While tablets, like iPads, have made great strides in the enterprise, the truth is there’s been an Achilles’ heel to Apple’s tablet: no Microsoft Office. Or at least, no official version of Office on the iPad.
That’s meant critical work documents accessed on the iPad were like museum artifacts: Users could touch and view the documents, but getting into them to do real editing or creation was a headache. This has been especially frustrating since the iPad is the leading tablet product in the enterprise, according to recent survey data by Good Technology and reported by InformationWeek.
The iPad made its mark on the industry in 2010, but it’s taken four years for Microsoft to unveil its product, which it did when its new CEO, Satya Nadella, announced the product at its BUILD Conference in March. So far, the Office for iPad apps have proven to scratch enterprise IT users' itch, since they racked up 12 million app downloads in their first week.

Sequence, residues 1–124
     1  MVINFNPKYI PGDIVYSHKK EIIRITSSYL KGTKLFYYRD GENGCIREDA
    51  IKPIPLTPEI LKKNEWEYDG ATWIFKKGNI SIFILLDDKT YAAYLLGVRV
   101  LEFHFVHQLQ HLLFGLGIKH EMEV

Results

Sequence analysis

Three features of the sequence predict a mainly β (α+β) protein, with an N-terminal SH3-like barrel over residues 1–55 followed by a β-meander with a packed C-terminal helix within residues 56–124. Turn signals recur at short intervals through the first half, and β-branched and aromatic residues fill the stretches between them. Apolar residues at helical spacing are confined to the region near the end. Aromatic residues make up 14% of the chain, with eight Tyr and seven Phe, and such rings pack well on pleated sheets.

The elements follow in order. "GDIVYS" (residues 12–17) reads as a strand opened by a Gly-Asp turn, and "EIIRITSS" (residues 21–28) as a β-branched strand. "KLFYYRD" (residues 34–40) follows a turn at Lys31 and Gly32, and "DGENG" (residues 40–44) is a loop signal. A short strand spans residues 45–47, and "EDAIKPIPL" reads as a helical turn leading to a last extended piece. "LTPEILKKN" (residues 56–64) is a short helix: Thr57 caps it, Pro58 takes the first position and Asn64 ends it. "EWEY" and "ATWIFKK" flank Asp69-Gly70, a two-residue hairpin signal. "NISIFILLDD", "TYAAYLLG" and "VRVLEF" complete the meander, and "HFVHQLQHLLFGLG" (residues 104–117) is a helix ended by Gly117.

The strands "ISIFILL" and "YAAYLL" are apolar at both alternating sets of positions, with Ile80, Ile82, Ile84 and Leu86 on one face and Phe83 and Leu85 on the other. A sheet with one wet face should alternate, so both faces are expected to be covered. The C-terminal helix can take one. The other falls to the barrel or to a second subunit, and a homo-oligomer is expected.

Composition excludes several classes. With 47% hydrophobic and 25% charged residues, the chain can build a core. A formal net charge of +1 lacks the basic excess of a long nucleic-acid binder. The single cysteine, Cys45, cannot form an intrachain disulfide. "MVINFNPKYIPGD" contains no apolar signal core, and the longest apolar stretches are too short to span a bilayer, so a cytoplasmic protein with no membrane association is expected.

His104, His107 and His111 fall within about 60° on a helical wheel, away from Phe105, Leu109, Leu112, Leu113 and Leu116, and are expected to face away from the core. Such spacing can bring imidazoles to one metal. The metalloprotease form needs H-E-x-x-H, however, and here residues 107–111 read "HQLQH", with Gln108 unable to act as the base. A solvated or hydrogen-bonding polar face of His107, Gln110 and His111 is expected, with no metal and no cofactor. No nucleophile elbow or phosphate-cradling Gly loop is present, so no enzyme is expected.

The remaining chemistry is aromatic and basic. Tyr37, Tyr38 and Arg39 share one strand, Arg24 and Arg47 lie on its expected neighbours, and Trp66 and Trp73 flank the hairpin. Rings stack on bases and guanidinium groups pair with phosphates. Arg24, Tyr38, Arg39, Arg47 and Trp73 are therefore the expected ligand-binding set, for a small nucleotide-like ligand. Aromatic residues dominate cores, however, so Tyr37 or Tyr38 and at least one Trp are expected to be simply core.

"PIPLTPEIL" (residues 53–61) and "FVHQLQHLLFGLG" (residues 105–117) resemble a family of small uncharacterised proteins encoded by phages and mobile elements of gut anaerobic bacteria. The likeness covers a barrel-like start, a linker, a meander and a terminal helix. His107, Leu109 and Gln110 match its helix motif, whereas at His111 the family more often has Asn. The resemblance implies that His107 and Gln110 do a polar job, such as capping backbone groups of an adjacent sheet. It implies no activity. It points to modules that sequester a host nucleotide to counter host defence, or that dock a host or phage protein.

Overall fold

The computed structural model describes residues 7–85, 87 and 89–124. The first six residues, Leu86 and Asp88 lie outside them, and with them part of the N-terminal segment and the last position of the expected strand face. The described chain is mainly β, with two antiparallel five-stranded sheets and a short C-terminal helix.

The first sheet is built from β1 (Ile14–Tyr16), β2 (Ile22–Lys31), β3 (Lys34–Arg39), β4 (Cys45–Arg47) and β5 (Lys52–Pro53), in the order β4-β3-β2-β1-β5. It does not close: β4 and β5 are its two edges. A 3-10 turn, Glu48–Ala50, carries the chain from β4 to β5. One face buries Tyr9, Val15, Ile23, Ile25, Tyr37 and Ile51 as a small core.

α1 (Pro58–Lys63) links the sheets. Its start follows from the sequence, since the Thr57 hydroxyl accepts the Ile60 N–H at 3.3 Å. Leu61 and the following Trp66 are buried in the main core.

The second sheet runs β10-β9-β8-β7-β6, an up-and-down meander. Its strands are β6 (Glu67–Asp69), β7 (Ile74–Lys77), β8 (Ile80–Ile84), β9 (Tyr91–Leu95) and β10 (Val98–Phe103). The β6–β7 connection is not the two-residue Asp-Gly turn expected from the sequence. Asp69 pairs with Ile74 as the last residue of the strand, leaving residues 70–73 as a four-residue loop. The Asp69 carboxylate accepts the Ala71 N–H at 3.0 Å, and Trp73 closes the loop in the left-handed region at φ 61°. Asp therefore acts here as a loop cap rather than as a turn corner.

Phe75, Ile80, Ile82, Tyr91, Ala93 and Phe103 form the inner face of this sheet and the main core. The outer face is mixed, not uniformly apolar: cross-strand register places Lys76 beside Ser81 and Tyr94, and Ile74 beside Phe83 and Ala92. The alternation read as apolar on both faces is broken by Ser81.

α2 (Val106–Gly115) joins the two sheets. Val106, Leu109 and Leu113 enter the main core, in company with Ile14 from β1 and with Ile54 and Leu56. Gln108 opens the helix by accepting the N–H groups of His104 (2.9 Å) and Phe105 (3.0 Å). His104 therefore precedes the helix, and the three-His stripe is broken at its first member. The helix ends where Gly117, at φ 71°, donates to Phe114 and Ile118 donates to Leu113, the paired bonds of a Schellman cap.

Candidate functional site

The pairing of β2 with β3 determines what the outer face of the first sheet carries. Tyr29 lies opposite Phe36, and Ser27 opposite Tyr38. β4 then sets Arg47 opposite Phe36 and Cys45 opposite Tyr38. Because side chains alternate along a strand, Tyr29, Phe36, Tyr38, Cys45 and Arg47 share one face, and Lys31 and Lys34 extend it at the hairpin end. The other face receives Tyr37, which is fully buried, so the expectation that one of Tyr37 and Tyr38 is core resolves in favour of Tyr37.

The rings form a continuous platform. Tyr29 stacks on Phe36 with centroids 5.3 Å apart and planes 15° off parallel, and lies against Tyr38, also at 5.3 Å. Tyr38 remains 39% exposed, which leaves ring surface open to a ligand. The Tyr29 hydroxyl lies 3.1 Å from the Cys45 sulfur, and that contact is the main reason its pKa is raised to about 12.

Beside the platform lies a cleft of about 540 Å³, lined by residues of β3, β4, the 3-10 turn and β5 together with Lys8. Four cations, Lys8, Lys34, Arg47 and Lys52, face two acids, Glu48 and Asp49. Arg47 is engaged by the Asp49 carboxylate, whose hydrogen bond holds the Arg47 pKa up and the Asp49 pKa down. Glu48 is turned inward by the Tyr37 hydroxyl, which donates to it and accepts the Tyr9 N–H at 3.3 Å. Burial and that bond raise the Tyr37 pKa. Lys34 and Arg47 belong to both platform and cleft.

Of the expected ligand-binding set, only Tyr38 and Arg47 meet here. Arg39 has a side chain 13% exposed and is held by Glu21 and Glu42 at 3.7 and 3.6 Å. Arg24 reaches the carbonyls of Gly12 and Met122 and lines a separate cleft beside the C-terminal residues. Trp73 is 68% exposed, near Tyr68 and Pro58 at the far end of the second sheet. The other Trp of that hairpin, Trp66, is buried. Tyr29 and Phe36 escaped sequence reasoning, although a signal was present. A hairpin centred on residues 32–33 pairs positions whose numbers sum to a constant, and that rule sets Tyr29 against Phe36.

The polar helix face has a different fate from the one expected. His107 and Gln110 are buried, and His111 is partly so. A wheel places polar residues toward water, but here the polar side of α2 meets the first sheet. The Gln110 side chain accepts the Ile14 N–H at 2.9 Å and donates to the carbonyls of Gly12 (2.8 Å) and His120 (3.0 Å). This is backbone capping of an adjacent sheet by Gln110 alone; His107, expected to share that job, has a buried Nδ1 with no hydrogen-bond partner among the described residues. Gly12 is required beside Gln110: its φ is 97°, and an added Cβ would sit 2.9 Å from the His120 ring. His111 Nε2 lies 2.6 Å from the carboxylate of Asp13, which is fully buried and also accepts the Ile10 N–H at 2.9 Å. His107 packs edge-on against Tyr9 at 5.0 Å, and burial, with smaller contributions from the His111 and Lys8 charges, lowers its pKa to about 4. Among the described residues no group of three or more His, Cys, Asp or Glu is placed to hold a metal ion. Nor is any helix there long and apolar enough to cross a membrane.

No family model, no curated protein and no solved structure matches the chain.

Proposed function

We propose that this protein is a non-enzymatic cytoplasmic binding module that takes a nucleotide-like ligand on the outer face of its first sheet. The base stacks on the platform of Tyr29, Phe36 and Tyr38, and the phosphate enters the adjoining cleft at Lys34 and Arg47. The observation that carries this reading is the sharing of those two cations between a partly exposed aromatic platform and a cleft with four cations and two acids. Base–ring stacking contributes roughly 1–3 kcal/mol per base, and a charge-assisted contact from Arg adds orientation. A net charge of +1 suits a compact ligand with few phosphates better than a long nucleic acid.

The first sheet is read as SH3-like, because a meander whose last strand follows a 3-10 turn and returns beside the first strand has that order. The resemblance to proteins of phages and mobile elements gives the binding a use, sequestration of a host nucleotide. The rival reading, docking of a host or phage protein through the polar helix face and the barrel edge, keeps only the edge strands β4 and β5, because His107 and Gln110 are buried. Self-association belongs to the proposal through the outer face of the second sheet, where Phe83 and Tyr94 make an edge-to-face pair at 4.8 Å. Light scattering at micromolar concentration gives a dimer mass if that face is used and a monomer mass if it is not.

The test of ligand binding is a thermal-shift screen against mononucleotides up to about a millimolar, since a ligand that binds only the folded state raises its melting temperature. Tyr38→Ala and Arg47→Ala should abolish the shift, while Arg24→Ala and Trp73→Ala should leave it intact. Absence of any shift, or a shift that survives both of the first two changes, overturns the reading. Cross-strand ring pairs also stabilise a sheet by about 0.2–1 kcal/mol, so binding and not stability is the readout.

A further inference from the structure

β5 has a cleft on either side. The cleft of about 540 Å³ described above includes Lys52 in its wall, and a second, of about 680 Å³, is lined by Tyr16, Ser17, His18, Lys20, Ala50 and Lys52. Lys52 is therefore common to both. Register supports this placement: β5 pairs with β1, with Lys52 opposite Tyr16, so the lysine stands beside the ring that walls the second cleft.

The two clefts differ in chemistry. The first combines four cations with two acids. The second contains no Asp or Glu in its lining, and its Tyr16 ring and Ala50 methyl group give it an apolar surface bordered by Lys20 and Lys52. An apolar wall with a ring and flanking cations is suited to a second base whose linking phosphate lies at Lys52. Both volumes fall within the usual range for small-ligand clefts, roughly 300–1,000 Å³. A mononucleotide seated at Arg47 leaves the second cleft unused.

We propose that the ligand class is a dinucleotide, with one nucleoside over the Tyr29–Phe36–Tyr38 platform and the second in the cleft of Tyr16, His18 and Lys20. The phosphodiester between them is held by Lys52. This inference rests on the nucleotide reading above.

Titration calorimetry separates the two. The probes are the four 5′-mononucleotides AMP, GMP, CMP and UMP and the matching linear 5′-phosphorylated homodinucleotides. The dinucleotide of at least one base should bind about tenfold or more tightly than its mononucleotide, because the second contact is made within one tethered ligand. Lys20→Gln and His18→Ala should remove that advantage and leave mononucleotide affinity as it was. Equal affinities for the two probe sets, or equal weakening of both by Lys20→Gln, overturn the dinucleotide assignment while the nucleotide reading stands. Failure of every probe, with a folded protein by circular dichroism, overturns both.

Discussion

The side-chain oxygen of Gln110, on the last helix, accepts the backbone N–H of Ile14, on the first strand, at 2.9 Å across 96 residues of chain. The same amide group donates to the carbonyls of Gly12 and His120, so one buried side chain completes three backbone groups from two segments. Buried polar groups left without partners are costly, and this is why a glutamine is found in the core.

— Office (@Office) April 3, 2014
Office for iPad’s Long Journey
In a Reddit Ask Me Anything (AMA), the engineers responsible for Office for iPad answered questions from Internet users and shed some light on the software’s development. For example, while Nadella has gotten lots of press for making Microsoft a more open company, Office for iPad actually started with former CEO Steve Ballmer.
“The decision to ship Office for iPad was made before Satya became CEO. Steve Ballmer approved the plan to ship Office for iPad,” said Kaberi Chowdhury, Technical Product Manager, Office for iPad in the Reddit AMA.
Additionally, though the app currently doesn’t have printing functionality built into it, the option to print is available to users later since the Office for iPad apps are updated through Office 365 subscriptions.
“One of the great things about Office 365 being a subscription is that you can expect to get frequent updates, so stay tuned!” said someone on the Office for iPad team who identified himself as Dan.
IT journalist David Braue heralded Office for iPad as an essential component of the future of the mobile workforce in a recent article on ZDNet.
“It's great that Microsoft has set the new baseline for Office compatibility on the device that most of us are using for an increasing share of our work. Office for iPad will only get better — and, with the inevitable addition of features that better tie it into corporate collaboration environments, we can expect it to become a must-have for mobile workers in the future,” he said.